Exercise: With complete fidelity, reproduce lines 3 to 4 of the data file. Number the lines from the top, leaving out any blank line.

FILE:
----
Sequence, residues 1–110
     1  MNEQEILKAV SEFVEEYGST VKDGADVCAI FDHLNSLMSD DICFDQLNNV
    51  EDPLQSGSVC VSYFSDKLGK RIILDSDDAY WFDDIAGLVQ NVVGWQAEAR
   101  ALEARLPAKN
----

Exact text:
    51  EDPLQSGSVC VSYFSDKLGK RIILDSDDAY WFDDIAGLVQ NVVGWQAEAR
   101  ALEARLPAKN